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Here’s How to Make Money Doing Anything

Reflect on what matters to you The first barrier to pursuing an interest — especially one outside our mountain of daily responsibilities — is recognizing that it’s worth our time. We get trapped in the flurry of to-dos and even when we have a free moment, a Netflix binge tempts us more than working on self-improvement. But disconnecting from routine is crucial in assessing whether you’re really satisfied or ignoring your needs. Take a walk or weekend away and ask yourself some tough questions. Are you burying what you want to do under what you “should” do? If you were unshackled from the choices you’ve made, what would you do with your time? Your answer might be “working with animals,” or it might in fact be “watching bad reality TV until my eyesight worsens.”

Take small steps Even after you’ve vowed to allot time to an interest, maintaining momentum can be a challenge — particularly when you’re first starting out and the end goal feels light years away. When momentum lags, remember that accomplishments are the aggregate of small steps. Start by doing one small thing a day in the vein of your interest. It could be following someone on Twitter who does what you love, writing a blog, making a craft or just watching a YouTube tutorial. This will allow you to slowly incorporate more of what compels you into your daily life — and with the cumulative power of tiny actions, you’ll soon find you’ve made progress.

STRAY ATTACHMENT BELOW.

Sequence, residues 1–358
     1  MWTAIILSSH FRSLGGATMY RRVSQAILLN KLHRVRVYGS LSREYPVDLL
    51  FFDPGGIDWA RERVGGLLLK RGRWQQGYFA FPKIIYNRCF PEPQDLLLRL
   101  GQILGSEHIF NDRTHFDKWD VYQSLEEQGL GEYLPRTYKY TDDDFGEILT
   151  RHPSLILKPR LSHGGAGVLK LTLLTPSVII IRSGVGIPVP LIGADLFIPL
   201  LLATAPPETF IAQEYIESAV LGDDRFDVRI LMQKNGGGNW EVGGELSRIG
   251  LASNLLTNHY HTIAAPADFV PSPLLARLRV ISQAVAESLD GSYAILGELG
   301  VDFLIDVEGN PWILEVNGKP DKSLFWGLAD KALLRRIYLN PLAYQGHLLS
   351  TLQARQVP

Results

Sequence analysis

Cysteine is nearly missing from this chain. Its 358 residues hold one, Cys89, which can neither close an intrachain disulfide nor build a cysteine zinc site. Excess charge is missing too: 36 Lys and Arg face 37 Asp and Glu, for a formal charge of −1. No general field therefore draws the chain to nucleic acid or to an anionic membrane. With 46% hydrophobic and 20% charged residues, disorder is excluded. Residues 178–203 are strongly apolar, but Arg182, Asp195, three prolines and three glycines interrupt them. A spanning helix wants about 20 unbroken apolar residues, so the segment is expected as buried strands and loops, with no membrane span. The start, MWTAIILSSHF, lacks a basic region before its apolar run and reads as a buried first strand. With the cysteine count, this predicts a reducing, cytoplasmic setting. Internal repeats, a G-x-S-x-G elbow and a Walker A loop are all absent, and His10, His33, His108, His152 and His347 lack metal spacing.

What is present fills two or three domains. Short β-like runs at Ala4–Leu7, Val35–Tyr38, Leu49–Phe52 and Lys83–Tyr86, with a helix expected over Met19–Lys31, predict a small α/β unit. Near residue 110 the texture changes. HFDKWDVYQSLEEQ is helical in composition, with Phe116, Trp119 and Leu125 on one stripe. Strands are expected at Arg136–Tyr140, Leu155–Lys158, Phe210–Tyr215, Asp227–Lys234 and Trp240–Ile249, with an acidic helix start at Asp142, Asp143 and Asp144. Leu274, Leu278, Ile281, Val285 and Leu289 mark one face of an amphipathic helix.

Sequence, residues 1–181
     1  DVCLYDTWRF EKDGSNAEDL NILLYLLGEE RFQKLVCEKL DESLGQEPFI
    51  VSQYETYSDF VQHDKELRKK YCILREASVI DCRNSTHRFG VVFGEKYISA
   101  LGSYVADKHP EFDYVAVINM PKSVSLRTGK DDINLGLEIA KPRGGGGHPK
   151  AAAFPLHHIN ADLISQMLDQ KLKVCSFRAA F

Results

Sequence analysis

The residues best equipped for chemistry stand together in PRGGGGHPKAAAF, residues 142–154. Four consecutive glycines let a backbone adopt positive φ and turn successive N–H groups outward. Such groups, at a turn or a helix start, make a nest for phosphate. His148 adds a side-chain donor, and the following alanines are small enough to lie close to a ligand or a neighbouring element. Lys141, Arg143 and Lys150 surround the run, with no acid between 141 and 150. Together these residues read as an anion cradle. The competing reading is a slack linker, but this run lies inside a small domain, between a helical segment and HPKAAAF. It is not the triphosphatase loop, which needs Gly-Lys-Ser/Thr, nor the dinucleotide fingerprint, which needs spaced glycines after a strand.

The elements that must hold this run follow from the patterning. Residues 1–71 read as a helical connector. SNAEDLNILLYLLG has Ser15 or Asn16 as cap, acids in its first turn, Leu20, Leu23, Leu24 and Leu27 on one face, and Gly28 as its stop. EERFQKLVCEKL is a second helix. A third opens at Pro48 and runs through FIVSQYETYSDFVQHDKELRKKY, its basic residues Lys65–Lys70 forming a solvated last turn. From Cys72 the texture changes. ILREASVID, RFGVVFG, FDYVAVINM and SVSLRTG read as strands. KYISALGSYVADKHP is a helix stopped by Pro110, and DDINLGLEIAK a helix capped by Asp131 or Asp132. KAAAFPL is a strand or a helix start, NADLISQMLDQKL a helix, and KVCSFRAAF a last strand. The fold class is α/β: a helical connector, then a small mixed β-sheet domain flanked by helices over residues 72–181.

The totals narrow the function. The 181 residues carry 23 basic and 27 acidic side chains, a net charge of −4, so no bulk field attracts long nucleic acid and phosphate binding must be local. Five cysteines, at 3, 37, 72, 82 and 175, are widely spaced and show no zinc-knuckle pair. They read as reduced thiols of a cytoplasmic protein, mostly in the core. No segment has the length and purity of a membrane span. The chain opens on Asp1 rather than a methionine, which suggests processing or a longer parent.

Tell people what you’re doing When someone is watching us, we hold ourselves to a higher standard. Stay on track by cultivating a community of supporters to keep you accountable. Join an online group of people with like-minded interests, attend Meetups, go to conferences or just announce to Facebook you’re starting a new pursuit. Not only will it keep you beholden to your goals, but it can also lead to jobs, collaboration and opportunities you wouldn’t have otherwise known about.

A career is a container, nothing more. The traditional model forces you to commit to a career in high school or college and then reverse-engineer yourself into it. The interest-based approach suggested here is the opposite. It’s expansive. Instead of leaving with a narrowed-down version of what you could be, this approach broadens the scope of what’s possible for you.


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